if you tried using the F2 key while running your program before today, you would have found that apparently nothing happened.
that was because the on-screen debugger uses the screen device, and therefore needs the system colors to be set.
now that you have some system colors set, run your program and press the F2 key: you'll see several elements now!
=> ./img/screenshot_uxn-debugger.png screenshot of the on-screen debugger using the assigned system colors
* there are some lines and a crosshair in the center, drawn with color 2
* at the top left, there are four rows of eight bytes each, represented in hexadecimal and drawn with color 1; these 32 bytes show the deeper contents of the stack, with the stack "top" highlighted using color 2.
* below, there is a single byte drawn with color 2: it corresponds to the address of the top of the return stack (we'll talk about it on day 5)
* finally, there is another set of 32 bytes, drawn with color 3; these show the contents of the first section of the zero page in the main memory.
remember: you can use the F1 key to switch between different zoom levels.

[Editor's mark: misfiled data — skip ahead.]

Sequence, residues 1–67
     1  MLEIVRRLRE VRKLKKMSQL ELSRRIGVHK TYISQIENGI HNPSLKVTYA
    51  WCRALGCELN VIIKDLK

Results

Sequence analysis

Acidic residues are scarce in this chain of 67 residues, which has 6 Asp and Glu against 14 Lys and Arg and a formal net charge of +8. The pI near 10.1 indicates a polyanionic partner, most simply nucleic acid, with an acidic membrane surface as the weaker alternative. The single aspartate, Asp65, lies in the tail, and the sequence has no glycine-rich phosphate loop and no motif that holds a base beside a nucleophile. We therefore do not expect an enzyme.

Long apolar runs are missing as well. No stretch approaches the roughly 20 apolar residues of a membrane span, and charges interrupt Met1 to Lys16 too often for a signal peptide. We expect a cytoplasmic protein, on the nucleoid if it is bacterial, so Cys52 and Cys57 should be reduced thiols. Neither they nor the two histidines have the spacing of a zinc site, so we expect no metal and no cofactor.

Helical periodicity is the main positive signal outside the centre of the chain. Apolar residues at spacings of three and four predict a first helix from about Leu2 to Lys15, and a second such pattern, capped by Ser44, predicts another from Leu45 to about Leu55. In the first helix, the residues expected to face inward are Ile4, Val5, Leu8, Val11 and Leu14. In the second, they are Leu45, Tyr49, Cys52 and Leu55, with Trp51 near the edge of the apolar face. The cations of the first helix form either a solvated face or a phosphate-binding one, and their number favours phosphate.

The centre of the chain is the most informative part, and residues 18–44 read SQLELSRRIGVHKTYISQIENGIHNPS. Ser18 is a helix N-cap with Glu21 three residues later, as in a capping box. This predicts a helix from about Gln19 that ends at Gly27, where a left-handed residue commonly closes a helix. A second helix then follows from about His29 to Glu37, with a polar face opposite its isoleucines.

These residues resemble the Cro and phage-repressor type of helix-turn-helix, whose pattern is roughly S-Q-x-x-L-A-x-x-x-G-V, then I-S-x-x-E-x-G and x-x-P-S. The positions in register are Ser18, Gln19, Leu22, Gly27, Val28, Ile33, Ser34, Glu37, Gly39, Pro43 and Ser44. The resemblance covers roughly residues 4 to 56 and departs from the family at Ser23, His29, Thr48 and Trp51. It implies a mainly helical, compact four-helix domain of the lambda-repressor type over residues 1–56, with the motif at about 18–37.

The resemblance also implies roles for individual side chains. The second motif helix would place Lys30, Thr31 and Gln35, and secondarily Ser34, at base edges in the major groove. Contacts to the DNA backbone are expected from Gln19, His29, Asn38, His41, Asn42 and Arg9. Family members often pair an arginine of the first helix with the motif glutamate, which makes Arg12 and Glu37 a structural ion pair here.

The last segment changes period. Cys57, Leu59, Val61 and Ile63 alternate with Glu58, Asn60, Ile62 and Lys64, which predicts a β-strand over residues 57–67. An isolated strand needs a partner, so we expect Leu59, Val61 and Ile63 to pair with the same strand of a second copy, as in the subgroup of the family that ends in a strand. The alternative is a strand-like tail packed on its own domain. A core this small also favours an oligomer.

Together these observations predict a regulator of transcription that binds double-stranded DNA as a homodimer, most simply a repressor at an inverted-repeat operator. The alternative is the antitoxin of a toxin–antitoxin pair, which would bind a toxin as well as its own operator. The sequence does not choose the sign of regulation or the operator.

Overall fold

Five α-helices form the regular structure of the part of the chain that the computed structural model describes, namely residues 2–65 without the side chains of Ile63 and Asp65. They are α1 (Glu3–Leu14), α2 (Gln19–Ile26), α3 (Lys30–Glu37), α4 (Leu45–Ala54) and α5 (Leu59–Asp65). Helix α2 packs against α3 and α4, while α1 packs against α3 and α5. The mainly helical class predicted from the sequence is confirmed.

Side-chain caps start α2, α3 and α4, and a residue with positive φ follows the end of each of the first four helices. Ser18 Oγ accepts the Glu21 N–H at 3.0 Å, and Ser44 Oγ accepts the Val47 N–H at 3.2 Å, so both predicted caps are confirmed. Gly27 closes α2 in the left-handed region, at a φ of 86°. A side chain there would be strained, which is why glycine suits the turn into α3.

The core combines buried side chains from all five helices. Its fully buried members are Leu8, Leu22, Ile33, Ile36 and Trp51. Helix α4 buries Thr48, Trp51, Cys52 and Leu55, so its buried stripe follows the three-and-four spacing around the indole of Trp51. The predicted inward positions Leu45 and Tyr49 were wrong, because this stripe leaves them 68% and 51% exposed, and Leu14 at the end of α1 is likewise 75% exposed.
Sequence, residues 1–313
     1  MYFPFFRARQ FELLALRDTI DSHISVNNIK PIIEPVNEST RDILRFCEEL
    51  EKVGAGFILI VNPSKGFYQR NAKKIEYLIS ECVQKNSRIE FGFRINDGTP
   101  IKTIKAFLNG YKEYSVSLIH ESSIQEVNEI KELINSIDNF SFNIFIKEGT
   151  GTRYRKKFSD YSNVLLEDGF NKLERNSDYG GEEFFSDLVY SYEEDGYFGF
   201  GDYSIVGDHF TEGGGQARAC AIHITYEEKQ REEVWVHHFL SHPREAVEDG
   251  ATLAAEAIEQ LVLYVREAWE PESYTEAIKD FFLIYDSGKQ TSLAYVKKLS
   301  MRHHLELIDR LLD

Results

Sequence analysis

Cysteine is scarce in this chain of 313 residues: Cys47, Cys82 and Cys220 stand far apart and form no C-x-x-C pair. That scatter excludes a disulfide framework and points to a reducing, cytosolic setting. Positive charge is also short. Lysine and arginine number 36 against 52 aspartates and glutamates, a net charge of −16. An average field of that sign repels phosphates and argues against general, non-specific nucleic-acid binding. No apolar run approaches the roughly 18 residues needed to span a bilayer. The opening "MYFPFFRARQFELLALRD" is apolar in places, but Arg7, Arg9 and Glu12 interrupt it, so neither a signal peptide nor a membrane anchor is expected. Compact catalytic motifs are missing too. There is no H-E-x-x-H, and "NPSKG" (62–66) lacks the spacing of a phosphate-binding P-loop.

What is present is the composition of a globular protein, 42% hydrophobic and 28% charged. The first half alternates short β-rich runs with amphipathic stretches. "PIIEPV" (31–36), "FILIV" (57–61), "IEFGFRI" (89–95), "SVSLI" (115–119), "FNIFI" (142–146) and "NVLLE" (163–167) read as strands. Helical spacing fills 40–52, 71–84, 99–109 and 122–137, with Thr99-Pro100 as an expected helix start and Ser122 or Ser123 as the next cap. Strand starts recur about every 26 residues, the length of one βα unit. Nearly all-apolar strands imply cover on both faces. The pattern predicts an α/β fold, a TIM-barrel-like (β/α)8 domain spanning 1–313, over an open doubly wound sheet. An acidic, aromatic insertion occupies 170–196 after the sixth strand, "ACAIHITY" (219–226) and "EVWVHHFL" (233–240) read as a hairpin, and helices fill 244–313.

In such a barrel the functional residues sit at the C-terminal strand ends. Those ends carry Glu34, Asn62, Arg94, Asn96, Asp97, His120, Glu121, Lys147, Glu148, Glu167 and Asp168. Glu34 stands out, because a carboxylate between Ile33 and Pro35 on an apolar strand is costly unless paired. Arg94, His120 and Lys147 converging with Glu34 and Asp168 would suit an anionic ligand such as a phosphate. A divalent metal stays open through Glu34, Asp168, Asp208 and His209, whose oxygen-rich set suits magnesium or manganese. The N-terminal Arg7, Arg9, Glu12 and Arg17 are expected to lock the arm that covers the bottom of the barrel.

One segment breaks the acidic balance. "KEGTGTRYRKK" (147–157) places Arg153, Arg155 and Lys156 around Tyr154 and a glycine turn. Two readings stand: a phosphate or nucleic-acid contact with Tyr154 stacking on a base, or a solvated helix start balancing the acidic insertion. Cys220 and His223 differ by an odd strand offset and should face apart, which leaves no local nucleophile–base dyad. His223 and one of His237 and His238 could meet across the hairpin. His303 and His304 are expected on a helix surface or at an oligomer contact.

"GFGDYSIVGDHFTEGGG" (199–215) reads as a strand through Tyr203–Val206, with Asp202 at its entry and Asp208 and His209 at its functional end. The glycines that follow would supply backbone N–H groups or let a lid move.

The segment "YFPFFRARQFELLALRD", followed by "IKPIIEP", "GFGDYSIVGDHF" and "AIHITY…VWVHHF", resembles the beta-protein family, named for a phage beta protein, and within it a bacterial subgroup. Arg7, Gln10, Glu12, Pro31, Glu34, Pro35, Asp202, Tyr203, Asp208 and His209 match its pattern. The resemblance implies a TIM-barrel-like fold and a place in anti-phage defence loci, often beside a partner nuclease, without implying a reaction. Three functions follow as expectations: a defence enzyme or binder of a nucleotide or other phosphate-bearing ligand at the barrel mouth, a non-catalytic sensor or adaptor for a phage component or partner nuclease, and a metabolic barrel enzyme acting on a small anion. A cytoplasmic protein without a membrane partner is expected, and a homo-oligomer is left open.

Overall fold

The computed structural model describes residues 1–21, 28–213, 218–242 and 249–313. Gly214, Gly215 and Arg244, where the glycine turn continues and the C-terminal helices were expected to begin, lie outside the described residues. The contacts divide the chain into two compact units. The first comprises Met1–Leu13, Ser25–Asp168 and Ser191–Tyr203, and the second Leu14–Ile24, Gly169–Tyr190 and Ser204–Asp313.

take a look at the representation of the stack: if you didn't change the values i suggested above, you'll the the following numbers at the top left:
``` 2c e5 0c
[2c] e5 0c
```
what are these numbers?
2ce5 is the short we assigned to the blue components of the system colors, and 0c is the i/o address of the short corresponding to .System/b ! (can you say what are the numerical addresses of each of the color components in the system device?)
we can think of the highlight in the leftmost 2c, as an arrow pointing leftwards to the "top" of the stack. it current position implies that the stack is empty, as there are no more elements to its left.
note that the stack memory is not erased when taking elements out of it, what changes is the value of the address that points to its top.
## stack debugging test
let's try appending to our program the example code we discussed above, adding it after setting the system colors:
```